Spanish filmmaker Pedro Almodovar has devised a psychosexual thriller, a perverse, convoluted story that revolves around a celebrated plastic surgeon and his beautiful captive patient.
Dr. Robert Ledgard (Antonio Banderas) works in almost complete isolation in a stunning clinical compound called El Cigarral (the Orchard), located outside Toledo, Spain. He’s obsessed with ‘transgenesis,’ conducting cellular experiments that – while they violate standard bioethics – have enabled him to perfect a fire-resistant artificial skin. He’s motivated by the horrific burns and disfiguring scarring that his wife, now deceased, suffered in a car crash.
Clad neck-to-toe in a flesh-colored body stocking, curvaceous Vera (Elena Anaya) is his captive patient, a human guinea pig for his grafting. Observed by Robert on a wall-size video surveillance screen, she practices yoga, scribbles on the walls and meditates in solitude, receiving her meals via a dumb waiter. Enigmatic in demeanor, she’s watched over by Robert’s dutiful, devoted ‘housekeeper,’ Marila (Marisa Parades), whose wastrel son, Zeca (Robert Alamo), makes an unexpected and unwelcome visit during Carnival, clad in a tiger costume.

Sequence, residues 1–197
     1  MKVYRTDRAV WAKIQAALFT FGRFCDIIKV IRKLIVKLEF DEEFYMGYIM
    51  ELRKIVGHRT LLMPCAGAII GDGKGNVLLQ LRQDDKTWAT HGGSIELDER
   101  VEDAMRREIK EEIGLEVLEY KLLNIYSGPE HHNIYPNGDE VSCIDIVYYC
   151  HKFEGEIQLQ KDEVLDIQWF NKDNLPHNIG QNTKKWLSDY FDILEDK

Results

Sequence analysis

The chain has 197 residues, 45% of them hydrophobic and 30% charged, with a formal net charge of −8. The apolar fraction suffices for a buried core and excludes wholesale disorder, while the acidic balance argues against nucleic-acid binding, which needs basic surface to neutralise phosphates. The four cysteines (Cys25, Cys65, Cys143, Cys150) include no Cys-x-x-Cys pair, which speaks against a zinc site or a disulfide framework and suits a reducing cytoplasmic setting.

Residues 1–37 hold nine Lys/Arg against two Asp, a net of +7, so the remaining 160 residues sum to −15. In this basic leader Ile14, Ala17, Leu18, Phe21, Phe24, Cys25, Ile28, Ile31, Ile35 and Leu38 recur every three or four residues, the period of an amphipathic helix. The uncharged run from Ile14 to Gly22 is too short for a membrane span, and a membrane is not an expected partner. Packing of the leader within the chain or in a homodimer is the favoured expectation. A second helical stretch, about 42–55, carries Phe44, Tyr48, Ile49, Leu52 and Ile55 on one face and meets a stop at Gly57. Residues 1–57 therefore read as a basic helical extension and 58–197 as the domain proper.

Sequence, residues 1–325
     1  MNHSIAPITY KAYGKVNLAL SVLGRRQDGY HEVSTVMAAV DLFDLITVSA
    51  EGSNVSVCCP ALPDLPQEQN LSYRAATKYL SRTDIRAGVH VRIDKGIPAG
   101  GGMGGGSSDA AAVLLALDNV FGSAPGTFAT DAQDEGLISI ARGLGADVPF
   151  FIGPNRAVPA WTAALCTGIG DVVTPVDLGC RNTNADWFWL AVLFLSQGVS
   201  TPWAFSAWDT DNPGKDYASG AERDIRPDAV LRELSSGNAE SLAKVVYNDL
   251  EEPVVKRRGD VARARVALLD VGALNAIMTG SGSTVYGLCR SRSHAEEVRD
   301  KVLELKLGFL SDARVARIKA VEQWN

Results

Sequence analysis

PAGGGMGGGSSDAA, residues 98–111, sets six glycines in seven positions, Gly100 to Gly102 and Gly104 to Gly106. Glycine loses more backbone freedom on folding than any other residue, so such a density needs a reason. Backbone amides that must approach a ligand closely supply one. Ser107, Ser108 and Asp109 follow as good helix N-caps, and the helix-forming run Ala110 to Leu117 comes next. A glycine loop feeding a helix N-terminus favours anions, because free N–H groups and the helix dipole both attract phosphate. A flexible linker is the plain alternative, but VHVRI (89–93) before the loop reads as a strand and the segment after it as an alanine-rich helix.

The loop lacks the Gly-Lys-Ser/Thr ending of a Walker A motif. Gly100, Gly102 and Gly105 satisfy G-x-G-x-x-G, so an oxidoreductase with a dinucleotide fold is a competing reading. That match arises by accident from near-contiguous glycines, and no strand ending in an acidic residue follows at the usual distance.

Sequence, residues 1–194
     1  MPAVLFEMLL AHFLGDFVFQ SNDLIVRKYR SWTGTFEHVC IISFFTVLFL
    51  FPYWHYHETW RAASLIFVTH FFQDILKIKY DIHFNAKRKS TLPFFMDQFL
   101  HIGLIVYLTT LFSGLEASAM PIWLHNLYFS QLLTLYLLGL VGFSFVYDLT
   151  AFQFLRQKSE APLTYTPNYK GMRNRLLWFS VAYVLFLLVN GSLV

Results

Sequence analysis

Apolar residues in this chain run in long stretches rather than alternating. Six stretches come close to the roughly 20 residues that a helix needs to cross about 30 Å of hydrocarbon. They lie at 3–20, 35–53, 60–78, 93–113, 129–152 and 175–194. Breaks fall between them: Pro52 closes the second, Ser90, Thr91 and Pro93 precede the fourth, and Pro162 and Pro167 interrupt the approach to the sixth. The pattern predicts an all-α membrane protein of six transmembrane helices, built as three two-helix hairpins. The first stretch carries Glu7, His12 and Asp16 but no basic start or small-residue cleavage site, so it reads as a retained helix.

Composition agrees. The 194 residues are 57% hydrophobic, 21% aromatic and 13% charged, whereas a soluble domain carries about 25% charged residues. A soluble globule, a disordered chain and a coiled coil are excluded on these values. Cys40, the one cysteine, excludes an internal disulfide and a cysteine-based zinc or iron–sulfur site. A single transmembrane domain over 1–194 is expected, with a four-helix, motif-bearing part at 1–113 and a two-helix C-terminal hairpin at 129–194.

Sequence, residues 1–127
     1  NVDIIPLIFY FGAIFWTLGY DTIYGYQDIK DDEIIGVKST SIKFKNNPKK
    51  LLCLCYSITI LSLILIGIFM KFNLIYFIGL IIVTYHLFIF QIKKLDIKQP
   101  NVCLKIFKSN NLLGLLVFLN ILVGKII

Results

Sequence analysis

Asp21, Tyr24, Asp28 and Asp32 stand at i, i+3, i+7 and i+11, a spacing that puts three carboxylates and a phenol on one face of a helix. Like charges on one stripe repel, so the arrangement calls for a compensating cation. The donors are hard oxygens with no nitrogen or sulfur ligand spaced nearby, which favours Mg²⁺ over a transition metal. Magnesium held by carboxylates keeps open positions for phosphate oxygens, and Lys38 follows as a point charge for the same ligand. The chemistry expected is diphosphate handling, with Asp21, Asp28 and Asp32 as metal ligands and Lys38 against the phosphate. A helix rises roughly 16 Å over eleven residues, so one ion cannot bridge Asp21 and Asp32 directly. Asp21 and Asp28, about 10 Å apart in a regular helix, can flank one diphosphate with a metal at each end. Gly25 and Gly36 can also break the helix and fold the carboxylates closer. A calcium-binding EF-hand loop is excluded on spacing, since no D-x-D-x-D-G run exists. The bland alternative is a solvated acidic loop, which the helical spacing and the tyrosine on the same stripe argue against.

Based on Thierry Jonquet’s novel “Mygale,” this Dr. Frankenstein-like, existential melodrama is revolting yet riveting with creepy, voyeuristic fascination, as flashbacks reveal a fateful encounter at a family wedding six years earlier between Robert’s mentally disturbed teenage daughter, Norma (Blanca Surez), and a junkie named Vincente (Jan Cornet) who works with his mother in a clothing boutique.
During press interviews, writer/director Pedro Almodovar has cited the influence of Hitchcock, Bunuel, Fritz Lang, the Hammer horror films, the psychedelic kitsch of Dario Argento and the lyricism of Georges Franju’s “Eyes Without a Face” – all of which are obvious.
Superbly cast as the psychopath, Antonio Banderas reteams with Almodovar for the first time since their collaboration in “Tie Me Up! Tie Me Down” (1990), in which Banderas played a man recently released from a mental hospital.
In Spanish with English subtitles, on the Granger Movie Gauge of 1 to 10, “The Skin I Live In” is a hyper-stylized 8, a shocking, stunning interlude designed to make you shudder.